Just in time for the annual Detroit Auto Show this week, IBM reports that Americans are intrigued by the possibility of driving an EV.

Thirty percent of U.S. drivers say they would consider switching to an all-electric vehicle, and 40 percent are willing to pay higher prices for an “EV,” a new survey from IBM finds.

Right now, 19 percent of the drivers in the survey said they are “very likely” or “likely” to put an EV on their shopping list for a new car.

However, many drivers are reluctant to invest the $1,000 or more than would be needed to up-fit their homes with an EV charging station. Only 13 percent are ready to foot the EV port upgrade.

IBM asked drivers if they were interested in moving to an EV that would get 100 miles or less per charge.

Buyers would pay as much as 20 percent more for an all-electric vehicle over a gas, diesel or hybrid vehicle with 27 percent willing to pay a 10 percent premium and 13 percent will to go up 20 percent.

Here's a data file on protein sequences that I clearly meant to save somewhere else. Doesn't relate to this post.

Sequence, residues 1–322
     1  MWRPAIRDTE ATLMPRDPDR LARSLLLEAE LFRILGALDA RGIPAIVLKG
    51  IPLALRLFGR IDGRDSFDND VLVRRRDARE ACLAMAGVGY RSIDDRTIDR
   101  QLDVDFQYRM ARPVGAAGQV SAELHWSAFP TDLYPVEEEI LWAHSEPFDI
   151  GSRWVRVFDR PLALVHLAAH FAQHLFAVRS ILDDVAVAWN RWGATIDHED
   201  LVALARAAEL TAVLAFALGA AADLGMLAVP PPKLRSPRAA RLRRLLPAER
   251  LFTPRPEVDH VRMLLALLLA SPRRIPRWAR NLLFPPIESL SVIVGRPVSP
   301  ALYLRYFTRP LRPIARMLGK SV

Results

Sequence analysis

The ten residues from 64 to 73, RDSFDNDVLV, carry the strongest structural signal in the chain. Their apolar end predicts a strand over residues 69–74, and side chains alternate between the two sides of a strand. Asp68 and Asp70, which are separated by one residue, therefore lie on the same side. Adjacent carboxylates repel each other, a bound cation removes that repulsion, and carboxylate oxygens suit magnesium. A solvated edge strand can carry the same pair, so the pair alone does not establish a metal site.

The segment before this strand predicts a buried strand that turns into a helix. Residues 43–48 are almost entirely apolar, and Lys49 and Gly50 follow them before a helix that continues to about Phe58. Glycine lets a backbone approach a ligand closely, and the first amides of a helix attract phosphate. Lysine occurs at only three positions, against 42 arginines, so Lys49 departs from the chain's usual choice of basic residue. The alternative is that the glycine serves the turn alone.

However, the survey found that home charging capability is a crucial point in EV adoption since 83 percent of those surveyed park their cars in a garage or driveway.

Plus, two thirds of the drivers said would expect discounted charges for electricity if they charge their vehicles at home overnight.

“Even under optimal circumstances, fully recharging an electric-only vehicle takes hours,” said Kal Gyimesi, the co-author of the survey and accompanying study. “So, it is crucially important that we build an infrastructure that can charge vehicles where their owners park them for extended periods of time – whether that is at home or at work, school, or the store.”

In the same survey, automobile industry executives said they expect sales of conventionally powered vehicles to peak by 2020.

Read the full survey here.

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